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BitTorrent unveils NSA-proof online calling and messaging software

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BitTorrent unveils test version of Bleep, its secure online calling and texting software
Bleep connects people online without using central servers or indices, making mass surveillance difficult

BitTorrent Inc., the San Francisco company behind the most popular technology for sharing files online, is branching out into a new arena: snoop-proof calling and texting.

The company announced the availability Wednesday of a preliminary, test version of BitTorrent Bleep software, which will enable people to make calls (voice only) and send messages over the Internet without using a central server to direct traffic. Instead, users will find one another through groups of other users, with no records of the calls or texts stored anywhere along the way.

Once a connection is made for a call or text, the communication travels directly between the two computers involved. That peer-to-peer approach also defies mass surveillance. Granted, it doesn't pay to underestimate the National Security Agency's ability to monitor even well-hidden communications. But Bleep certainly makes the job harder than the most popular online calling and messaging apps do.

Bleep will be available by invitation only for now, the company said, because it still has plenty of rough edges. It's also limited to computers running Windows 7 or 8, although support for more platforms is coming.

The product reflects BitTorrent's effort to find more applications for the distributed-computing technology that underlies its file-sharing software. It launched BitTorrent Sync last year to provide an alternative to cloud-based programs that synchronize files across multiple devices. Shortly before that it unveiled BitTorrent Bundles, a publishing platform for digital content. The company has been working on Bleep at least since September, when it announced its plan to develop a secure online chat service.

Online calling and messaging services typically seek to preserve privacy by scrambling the communications between the sender and the recipient. The problem is that they rely on central servers to handle the electronic signals that establish the connection. The metadata that passes through those servers can be monitored or intercepted, potentially exposing the calls and texts themselves to surveillance, as leaked NSA data has revealed about Skype and other Voice over Internet Protocol services.

Bleep encrypts its traffic too, as well as enabling users to keep their identities secret even from those with whom they're communicating. But the main reason it's more secure, the company says, is because it has no central servers. "We are not even storing data temporarily on servers and then deleting it," Farid Fadaie, head of the Bleep project, wrote in a blog post Wednesday. "We never have the metadata in the first place."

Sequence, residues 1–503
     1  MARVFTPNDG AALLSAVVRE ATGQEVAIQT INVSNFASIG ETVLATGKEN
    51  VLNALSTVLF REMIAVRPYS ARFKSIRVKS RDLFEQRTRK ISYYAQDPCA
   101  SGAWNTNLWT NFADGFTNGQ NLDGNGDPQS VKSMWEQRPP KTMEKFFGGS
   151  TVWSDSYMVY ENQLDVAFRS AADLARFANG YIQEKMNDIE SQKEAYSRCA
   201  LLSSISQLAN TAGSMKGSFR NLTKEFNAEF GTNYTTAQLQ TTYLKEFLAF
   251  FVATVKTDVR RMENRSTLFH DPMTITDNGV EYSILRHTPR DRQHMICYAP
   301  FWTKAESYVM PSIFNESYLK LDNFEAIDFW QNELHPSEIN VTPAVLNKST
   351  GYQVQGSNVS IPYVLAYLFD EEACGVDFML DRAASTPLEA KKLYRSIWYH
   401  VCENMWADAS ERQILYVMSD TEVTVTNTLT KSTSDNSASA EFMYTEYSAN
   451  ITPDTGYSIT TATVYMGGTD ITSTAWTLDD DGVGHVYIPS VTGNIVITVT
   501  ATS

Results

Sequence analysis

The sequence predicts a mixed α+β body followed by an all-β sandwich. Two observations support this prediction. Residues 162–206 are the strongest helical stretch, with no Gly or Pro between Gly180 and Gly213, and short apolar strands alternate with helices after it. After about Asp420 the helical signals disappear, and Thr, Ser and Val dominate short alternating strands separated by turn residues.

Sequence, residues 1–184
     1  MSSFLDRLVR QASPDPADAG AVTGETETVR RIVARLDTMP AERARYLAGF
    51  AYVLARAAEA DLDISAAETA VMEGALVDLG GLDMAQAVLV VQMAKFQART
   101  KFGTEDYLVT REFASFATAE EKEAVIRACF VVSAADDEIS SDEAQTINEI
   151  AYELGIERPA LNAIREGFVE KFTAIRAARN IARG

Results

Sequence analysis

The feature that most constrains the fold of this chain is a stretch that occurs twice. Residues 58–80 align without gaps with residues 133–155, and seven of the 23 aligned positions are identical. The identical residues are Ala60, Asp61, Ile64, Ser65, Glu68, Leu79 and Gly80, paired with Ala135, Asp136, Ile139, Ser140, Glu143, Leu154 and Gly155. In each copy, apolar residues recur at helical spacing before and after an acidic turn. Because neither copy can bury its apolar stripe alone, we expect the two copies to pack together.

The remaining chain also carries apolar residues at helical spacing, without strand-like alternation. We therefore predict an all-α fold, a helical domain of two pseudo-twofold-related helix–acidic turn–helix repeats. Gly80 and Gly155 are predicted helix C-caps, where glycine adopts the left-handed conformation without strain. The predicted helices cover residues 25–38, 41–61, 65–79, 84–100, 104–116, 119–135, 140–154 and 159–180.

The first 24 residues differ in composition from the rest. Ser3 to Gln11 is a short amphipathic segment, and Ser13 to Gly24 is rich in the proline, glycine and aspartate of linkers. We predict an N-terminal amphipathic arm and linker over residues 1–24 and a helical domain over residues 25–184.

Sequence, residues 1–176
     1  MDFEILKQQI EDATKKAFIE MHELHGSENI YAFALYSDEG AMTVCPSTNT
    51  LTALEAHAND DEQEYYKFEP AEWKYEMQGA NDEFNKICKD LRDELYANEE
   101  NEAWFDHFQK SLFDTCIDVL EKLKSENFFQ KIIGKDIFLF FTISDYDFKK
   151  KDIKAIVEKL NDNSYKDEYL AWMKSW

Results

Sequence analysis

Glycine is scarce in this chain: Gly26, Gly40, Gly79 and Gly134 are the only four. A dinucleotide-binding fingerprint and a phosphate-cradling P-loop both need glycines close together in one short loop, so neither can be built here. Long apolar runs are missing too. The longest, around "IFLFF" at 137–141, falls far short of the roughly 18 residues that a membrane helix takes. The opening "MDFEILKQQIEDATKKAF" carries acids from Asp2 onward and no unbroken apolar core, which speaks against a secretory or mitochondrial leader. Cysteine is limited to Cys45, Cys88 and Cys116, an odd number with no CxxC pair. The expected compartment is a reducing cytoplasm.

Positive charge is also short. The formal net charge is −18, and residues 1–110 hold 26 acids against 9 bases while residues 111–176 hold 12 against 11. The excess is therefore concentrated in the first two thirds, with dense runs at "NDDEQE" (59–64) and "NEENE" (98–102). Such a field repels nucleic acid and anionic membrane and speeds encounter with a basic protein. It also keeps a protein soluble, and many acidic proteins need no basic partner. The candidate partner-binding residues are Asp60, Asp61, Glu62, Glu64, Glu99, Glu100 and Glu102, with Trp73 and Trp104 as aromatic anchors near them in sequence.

Nor does anyone else. Unlike BitTorrent's file-sharing technology, there are no central, surveillance-susceptible indices helping to connect one user to another. Instead, when User X tries to start a call or send a text to User Y, X's Bleep software asks other BitTorrent users if they know Y's IP address. Their query eventually reaches a computer that Y's Bleep software has made contact with, revealing Y's address. The information is sent back to X, enabling X and Y to connect directly.  

"Consider Bleep your personal redaction pen controlled by you and only you," Jaehee Lee, senior product manager at BitTorrent, wrote in a blog post Wednesday. "Anything you say is Bleep-ed out to us and everyone else for that matter."

This seems technologically nifty, but who would go to the trouble of running Bleep when millions of people around the world can easily be reached through Skype, WhatsApp or any number of other VOIP and chat apps? Lee offered four possible use cases: diplomats sharing sensitive dispatches, businesses safeguarding communications from industrial espionage, reporters protecting sources, or friends keeping their conversations private.

I could suggest any number of less noble uses for the software too. But as with the BitTorrent protocol itself, Bleep shouldn't be judged by the things people do with it. Instead, it should be judged by its ability to deliver on its promise of security.

The technology isn't interoperable with other chat or VOIP clients, at least not at this point, so its utility will be limited unless and until it gains a critical mass of users. The tremendous popularity of the BitTorrent protocol gives Bleep a strong global foundation, but not much else. That could change, though, if Bleep were built into updated versions of the apps people use to share torrent files.

One other potential factor is whether Congress changes the 1994 Communications Assistance for Law Enforcement Act to require data communications services to support wiretaps, as the Justice Department and federal security agencies have sought. Today, the wiretap requirement applies only to phone networks (including mobile ones) and online services that are effective substitutes for them (such as Vonage). If CALEA were extended to all online voice and messaging services, BitTorrent might be faced with the choice of withdrawing Bleep somehow from the United States or re-engineering it to remove its distinguishing feature. 

Healey writes editorials for The Times. Follow his intermittent Twitter feed: @jcahealey

Copyright © 2014, Los Angeles Times
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